Anti-coup fighters threaten Chinese mines in Myanmar

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More than 1,700 civilians have been killed in a military crackdown since last year’s coup. (AP pic)

AFP

BANGKOK: Myanmar anti-coup rebels today threatened to attack Chinese-backed mines in the country’s northwest if the projects are not shut down, saying the profits were lining the pockets of the junta.

The Southeast Asian nation’s economy has been in turmoil since a coup last February and a number of countries have imposed sanctions on Myanmar’s military-linked businesses.

Rebel groups calling themselves People’s Defence Forces (PDF) have sprung up since the putsch to oppose the regime, with junta-linked companies a prime target.

China’s Wanbao Mining has a partnership with Myanmar military-owned conglomerate Myanma Economic Holdings to run the controversial Letpadaung and Sapetaung-Kyesintaung copper mines near Salingyi in the Sagaing region.

But mining has recently faced disruptions because of fighting, electricity supply problems and the coronavirus.

Sixteen rebel groups issued a joint statement Thursday saying income from mining would line the pockets of senior Myanmar military officials and cronies.

“We will wait and see whether they will run their project or not. If they do, we will attack them,” a spokesman for the local PDF told AFP Saturday.

He said the military have deployed security forces to the area and Wanbao has been on a recruiting drive that has reportedly brought in 300 workers.

The rebel groups say the Chinese-backed mines have not benefited local people despite operating for years.

The spokesman urged the workers to join an ongoing civil disobedience movement against the mines and take part in strikes.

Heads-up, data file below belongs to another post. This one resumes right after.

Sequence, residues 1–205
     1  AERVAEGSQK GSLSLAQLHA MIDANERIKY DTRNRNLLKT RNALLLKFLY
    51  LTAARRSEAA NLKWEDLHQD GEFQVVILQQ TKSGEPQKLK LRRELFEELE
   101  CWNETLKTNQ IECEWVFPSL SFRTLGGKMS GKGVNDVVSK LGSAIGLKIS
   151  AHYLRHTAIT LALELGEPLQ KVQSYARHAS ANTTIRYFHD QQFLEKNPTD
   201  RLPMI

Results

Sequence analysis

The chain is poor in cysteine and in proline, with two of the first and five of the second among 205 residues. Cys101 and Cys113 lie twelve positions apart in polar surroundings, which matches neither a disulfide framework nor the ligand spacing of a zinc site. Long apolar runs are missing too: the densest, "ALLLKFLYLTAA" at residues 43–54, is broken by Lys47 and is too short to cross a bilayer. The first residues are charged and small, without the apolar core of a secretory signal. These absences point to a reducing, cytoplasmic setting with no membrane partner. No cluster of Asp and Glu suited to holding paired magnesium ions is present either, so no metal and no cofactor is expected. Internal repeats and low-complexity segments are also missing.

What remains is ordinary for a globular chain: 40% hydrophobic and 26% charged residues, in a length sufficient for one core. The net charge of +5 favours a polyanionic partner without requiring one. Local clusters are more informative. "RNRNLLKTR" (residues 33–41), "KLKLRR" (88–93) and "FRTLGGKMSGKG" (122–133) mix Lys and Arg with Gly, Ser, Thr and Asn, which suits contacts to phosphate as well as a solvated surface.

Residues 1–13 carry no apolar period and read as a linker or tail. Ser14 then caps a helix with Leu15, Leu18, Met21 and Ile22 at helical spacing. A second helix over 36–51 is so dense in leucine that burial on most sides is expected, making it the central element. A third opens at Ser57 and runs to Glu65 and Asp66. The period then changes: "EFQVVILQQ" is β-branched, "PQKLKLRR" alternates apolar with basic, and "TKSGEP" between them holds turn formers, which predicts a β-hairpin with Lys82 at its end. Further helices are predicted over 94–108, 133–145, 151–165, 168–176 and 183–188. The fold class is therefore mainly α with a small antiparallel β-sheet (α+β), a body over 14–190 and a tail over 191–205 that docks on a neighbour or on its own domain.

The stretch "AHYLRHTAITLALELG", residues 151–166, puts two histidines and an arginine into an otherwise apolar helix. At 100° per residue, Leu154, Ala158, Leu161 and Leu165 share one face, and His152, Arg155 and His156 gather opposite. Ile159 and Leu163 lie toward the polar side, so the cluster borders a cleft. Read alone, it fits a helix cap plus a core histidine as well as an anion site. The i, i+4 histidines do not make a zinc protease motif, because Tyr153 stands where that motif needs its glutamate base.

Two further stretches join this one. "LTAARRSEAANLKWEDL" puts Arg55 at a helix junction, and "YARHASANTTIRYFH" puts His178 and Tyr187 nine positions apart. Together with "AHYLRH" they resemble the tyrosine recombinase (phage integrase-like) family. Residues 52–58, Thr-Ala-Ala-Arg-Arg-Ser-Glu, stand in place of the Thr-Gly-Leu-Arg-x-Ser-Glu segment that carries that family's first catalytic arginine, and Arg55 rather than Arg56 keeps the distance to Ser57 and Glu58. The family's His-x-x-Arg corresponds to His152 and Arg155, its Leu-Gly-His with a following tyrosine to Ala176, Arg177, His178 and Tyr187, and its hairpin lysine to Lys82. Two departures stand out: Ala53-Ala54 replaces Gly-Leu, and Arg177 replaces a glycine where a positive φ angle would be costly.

“We asked the people who worked for the businesses to leave their jobs by May 5,” the joint statement said.

The rebels said they would bear no responsibility if workers who defied strike action were caught up in attacks on the mines.

There were reports in February of rocket attacks by anti-coup fighters on the Letpadaung mine, which has for years been dogged by complaints about land grabs, environmental damage and brutal police crackdowns on protesters.

Protests against the mine have fuelled anti-China sentiment in Myanmar’s commercial hub of Yangon as well as other cities over the years.

In January local media reported that rebel groups also blew up three electricity pylons supplying the Chinese-run Tagaung Taung nickel mine in Sagaing, causing production problems.

Chinese diplomats complained to Myanmar’s shadow government – made up mostly of lawmakers ousted in the coup – media reports said.

A coalition activist group campaigning for transparency in the resources sector estimates the Myanmar military earned US$725 million from the three Sagaing mines in the 2020-2021 financial year.

“China’s continued business dealings with the Tatmadaw (military) are undermining the … pro-democracy movement, which risks further inflaming anti-Chinese sentiment amongst the Myanmar population,” Publish What You Pay Australia said in a report in November.

Wanbao Mining and the Chinese embassy in Myanmar did not reply to requests for comment from AFP.

More than 1,700 civilians have been killed in a military crackdown since last year’s coup, according to a local monitoring group.